Christ was infinitely rich in His pre-incarnate existence in heaven. He was worshipped ceasely by a great host of angelic beings. He exercised omnipotence, omniscience, and omnipresence as Deity. He ruled with the Father and Holy Spirit over all the universe that they had created. Yet, Christ willingly chose to become poor. He laid down his right to the independent exercise of His attributes. He was born in a stable, and reared by poor parents. He lived an obscure and simple life. He depended on His Father for all His livelihood. He never accumulated a store of possessions during His lifetime; indeed, it appears that the only possessions He could call His own were the clothes on His back. At the end of His life, He gave up the only thing left that He had left — His life. By laying down His life, Jesus was giving up everything to save us from our sins. Though He was rich, He became poor. And what was the purpose in this great act of sacrifice? It was that we through His poverty might become rich. As those who belive on Him, we have inherited great riches: forgiveness, adoption, justification, the indwelling Spirit, peace with God, access to God, sanctification, and eternal glory to come! Notice that Christ didn't give just ten percent of His resources to obtain these spiritual treasures for us! He didn't even give fifty percent! He gave 100%! A disciple naturally desires to be like his master.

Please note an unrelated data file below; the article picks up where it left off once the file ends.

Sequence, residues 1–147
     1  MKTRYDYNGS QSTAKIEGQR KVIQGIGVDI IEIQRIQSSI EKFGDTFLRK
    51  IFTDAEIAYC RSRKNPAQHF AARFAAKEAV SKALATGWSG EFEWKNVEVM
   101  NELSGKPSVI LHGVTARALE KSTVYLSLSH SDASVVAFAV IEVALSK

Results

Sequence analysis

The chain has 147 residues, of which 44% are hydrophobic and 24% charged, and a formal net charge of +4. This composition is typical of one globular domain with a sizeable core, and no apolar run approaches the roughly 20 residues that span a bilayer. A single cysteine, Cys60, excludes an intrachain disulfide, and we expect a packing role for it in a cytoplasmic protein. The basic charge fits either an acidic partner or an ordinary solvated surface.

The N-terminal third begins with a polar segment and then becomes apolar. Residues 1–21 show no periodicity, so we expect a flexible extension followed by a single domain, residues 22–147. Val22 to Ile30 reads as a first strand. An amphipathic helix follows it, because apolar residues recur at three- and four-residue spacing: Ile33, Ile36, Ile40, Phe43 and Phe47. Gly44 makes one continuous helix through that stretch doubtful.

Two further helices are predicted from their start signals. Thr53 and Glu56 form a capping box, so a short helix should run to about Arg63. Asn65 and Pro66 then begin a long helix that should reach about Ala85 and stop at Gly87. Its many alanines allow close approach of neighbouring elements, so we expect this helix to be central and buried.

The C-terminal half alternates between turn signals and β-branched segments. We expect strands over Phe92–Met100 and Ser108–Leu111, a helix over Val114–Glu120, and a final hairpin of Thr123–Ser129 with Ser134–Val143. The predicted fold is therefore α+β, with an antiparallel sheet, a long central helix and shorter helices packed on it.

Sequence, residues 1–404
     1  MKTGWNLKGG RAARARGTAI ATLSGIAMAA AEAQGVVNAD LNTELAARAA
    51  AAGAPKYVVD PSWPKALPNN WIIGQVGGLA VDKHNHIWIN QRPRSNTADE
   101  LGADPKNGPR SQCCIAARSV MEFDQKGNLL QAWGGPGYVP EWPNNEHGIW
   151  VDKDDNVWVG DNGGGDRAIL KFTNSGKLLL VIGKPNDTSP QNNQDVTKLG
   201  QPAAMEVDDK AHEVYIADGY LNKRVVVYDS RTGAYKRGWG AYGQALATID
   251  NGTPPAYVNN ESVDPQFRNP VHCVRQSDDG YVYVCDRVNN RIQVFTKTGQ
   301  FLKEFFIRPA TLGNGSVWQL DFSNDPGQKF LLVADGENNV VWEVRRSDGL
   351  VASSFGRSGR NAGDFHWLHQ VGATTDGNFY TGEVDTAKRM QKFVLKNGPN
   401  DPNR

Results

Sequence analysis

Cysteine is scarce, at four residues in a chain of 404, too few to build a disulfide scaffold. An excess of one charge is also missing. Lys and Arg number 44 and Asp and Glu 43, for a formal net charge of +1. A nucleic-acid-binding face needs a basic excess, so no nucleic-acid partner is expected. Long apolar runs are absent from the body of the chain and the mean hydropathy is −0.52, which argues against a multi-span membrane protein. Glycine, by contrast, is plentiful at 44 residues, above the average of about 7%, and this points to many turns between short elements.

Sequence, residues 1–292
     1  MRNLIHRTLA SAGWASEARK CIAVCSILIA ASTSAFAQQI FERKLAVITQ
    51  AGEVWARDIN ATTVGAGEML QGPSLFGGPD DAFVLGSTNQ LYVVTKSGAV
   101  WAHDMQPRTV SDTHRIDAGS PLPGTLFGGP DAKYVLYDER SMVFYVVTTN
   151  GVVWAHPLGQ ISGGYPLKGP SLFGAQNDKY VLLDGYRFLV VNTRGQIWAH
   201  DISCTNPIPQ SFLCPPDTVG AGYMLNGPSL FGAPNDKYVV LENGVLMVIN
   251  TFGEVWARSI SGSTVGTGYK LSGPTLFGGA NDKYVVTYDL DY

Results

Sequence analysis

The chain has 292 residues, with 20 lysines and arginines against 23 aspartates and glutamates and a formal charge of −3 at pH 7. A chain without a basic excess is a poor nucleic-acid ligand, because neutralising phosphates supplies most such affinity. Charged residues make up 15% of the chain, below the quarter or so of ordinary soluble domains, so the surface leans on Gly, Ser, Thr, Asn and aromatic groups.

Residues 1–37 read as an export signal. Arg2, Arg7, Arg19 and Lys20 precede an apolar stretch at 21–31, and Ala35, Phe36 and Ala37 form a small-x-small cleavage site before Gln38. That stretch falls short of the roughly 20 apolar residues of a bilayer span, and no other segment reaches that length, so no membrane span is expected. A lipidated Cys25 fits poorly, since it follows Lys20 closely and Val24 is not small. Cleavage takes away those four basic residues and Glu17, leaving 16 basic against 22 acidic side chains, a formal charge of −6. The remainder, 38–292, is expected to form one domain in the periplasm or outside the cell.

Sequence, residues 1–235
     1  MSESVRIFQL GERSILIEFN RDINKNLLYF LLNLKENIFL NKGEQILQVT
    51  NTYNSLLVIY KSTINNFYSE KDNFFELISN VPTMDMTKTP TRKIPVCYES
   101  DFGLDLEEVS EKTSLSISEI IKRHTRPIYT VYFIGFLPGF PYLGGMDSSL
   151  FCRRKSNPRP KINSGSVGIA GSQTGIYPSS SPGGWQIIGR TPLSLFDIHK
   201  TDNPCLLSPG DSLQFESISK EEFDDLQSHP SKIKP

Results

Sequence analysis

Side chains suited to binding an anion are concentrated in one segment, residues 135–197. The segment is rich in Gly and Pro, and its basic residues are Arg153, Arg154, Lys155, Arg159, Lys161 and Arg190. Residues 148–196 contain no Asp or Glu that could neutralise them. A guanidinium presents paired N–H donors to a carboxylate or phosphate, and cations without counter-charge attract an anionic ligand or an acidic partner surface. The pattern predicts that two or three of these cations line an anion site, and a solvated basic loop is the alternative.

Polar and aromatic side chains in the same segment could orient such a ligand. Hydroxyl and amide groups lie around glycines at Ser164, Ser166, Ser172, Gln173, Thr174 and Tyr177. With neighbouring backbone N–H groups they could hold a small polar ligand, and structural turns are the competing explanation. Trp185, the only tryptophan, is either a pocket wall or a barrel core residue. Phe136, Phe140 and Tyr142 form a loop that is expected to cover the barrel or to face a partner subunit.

Therefore, strive to emulate your Lord. Don't be content with giving a small fraction of your income. Pray that God would enable you to give more and more to help hurting people and expand the kingdom of God around the world!
2. The Command of Christ
Not only do we have the example of Christ to motivate us, but we also have His command. Jesus expressed Himself very clearly in John 15:12-13,
This is My commandment, that you love one another, just as I have loved you. Greater love has no one than this, that one lay down his life for his friends.
Jesus in this passage is commanding His followers to love each other in the same way that He loved them — namely, by being totally committed to them. This kind of commitment must, by the very nature of the case, include the willingness to give of our resources to help one another. Jesus gave up all, including His very life for us. That is how we are commanded to love one another. We will know if we really love our brothers and sisters when we are willing to open our wallet or checkbook and give to meet their needs. May God enable us to follow His Son in obedience!
The Scriptures do not teach that the tithe is incumbent upon New Testament believers. However, they do teach that Christians are to be generous, sacrificial, expectant and cheerful givers! Does that describe you? It is my earnest prayer that the Holy Spirit would use this article to challenge you to rethink your giving patterns and see whether they are in line with God's will as expressed in the New Testament. If not, go to the Lord in prayer and ask Him for the power and grace to obey Him fully in all things.